Why All Health Brands Should Care About Amazon Care
By Christina Falzano, Managing Director U.S., Conran Design Group
We often think of disruptors as small and nimble – stealthily entering an industry and turning it on its head. That’s certainly how Amazon started. Combining extensive inventory as vast as the Amazon river with easy to access reviews from other customers – seen as more trusted than professional reviewers – while providing low prices and fast shipping, Amazon wreaked havoc on the retail book industry. Amazon then applied this successful model to other retail categories, elevating consumers’ expectations and truly transforming the way people shop.
Amazon is obviously no longer small, but it has proven itself to still be surprisingly nimble. Leveraging an ever-increasing competitive advantage in logistics and data collection, Amazon is extending its reach well beyond e-commerce and retail – seemingly poised to bring disruption and change to a range of established industries. According to Buzzfeed News, Amazon has its hand in a dizzying array of businesses, including web and cloud services, gaming, media and entertainment, energy, education, finance, and most recently healthcare.
To date, Amazon has taken measured steps toward entering healthcare – from Amazon 1492 and Haven, to Amazon Basic Care, Pill Pack, and Amazon Pharmacy to Amazon Care. However, Amazon’s recent announcement that it will be expanding Amazon Care to all fifty states and beginning expansion of in-person clinical services to major cities has dominated headlines. Though we do not know what future steps, leaps, or bounds Amazon may take further into the healthcare space, there is no doubt that it has arrived. But what exactly does that arrival mean for other brands in the space?
Looking to other industries Amazon has entered – and in many cases transformed – may provide some clues. It likely means a general raising of the bar around customer experience – that overall, customers will have interactions with Amazon that are simpler, faster, cheaper, more personalized, more transparent, and more connected than the ones they are currently having now. They will come to expect these types of interactions more broadly across other healthcare brands, or as importantly, question why they are not having them.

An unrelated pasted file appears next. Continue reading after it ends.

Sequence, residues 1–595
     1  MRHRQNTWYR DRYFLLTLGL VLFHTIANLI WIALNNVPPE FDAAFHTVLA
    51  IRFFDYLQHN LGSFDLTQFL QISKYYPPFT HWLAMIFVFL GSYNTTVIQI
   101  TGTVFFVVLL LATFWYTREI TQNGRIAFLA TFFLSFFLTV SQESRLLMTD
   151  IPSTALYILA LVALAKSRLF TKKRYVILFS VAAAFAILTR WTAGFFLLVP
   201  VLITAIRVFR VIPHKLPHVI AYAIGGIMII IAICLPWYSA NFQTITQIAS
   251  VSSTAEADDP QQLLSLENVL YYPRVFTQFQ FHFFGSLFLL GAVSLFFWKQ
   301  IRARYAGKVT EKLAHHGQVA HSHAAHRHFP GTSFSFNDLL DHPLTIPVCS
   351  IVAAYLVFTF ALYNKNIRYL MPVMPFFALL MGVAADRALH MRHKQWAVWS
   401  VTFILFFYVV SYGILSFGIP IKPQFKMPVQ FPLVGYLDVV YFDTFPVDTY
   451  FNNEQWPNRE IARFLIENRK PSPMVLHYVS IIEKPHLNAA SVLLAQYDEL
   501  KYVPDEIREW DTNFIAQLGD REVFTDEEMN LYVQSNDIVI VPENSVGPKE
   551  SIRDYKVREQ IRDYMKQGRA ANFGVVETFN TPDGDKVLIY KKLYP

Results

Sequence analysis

It is no secret that interacting with some healthcare brands, and the industry in general, can be complicated, frustrating, costly, and impersonal – or at the very least, perceived that way.
In one of the most personal of industries, personalization and transparency can go a long way in building trust. Customers of Amazon, many of them members, know Amazon is collecting data on them, but they also feel that the data is secure and used for their benefit. A third of the US population has an Amazon Prime membership and overall customer satisfaction and sentiment is up, in no small part due to the critical role people view Amazon playing in their lives during the pandemic.
From a branding perspective, Amazon’s ability to deliver on a more customer-centric model could impact everyone with primary care, including online and in-person doctor visits, clinic services, prescriptions, and delivery of medicines, becoming a seamless and connected experience. And with Amazon using its current customer base to slowly and smartly expand, applying its expertise in customer service, data collection, logistics, and the seamless connection between on and offline to improve customer experience and shore up customer loyalty, we could be on the path to a golden age of healthcare, provided that brands learn the lessons of Amazon’s past successes.